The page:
Last night I went to a talk on the Yorkshire Fens. Apparently before they were drained there was 36,420 hectares of the Humberhead levels. The fens were a huge area from Lincoln to the East coast and Hull. It was a really interesting talk.
However my ears pricked up when I heard that Cornish writing in 1895 describes the carrs to the south-west of Doncaster as a outlier of the great fen that originally extended on the north to the river Humber,on the east to the lowlands of the Trent, and on the south into Nottinghamshire and included the Isle Of Axholme, Thorne Waste, Marshland and the fen of Hatfield Chase.
Before we were in contact I'd never heard of the Isle of Axholme. After last nights talk I realised that it had indeed been an island. I had always thought my great great grandad as a boatman had been on the canals but having seen that they probably were island dwellers it makes even more sense. Looking at one of the first e-mails I got from you where I sent you the stuff about William Albon Kelsey, I am still wondering how my great grandad got his book.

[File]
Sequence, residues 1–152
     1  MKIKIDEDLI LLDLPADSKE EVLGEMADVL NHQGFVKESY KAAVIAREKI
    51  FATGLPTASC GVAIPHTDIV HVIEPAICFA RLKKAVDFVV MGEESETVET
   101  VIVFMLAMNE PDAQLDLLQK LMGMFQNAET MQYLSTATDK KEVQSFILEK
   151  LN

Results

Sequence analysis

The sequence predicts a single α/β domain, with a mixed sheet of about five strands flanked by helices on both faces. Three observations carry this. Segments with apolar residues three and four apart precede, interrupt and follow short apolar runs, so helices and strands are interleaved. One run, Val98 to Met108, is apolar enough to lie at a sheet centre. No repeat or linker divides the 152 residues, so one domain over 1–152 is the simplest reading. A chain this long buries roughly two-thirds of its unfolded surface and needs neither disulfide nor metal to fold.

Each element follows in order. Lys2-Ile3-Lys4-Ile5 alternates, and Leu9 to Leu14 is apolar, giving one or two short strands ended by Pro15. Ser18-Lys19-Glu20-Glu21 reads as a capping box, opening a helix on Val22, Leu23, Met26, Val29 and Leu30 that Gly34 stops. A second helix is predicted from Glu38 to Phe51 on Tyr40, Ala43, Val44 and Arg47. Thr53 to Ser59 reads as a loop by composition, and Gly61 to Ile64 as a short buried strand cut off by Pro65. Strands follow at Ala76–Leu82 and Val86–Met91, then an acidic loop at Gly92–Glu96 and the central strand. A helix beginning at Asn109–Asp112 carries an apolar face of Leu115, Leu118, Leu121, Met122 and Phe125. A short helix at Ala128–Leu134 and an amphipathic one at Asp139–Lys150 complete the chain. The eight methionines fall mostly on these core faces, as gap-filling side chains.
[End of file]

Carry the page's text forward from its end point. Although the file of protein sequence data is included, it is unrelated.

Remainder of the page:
At one time I told you that I wasn't sure I had got the right Broughtons. Having been to more talks on family history etc I now believe that the South Kelsey Broughton family are my ancestors and what I have learned about place names seems to confirm that Moortown at South Kelsey is indeed Marton which had been passed down from my great grandad to his son and then onto my dad, My gggrandad died at 25 so didn't know his son and his son wasn't born in Lincs so I can see how it may have got corrupted.
Hope you don't mind me getting in touch and forgive me if you knew all the stuff about the fens. It explains a lot also about the flooding we had last year. According to records lots of it had flooded before and of course it is area that was fens and had been drained so it seems to explain a lot.
Dr. Ian D Rotherham
Tourism and Environmental Change Research Unit
Sheffield Hallam University